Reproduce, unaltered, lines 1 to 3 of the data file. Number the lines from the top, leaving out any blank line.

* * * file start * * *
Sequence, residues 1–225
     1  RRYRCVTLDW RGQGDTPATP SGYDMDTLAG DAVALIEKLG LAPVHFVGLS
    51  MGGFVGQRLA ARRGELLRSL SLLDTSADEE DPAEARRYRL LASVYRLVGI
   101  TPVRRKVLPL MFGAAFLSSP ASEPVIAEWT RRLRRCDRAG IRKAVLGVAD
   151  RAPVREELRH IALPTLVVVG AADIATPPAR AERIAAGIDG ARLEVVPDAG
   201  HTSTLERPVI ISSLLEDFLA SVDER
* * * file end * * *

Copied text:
Sequence, residues 1–225
     1  RRYRCVTLDW RGQGDTPATP SGYDMDTLAG DAVALIEKLG LAPVHFVGLS
    51  MGGFVGQRLA ARRGELLRSL SLLDTSADEE DPAEARRYRL LASVYRLVGI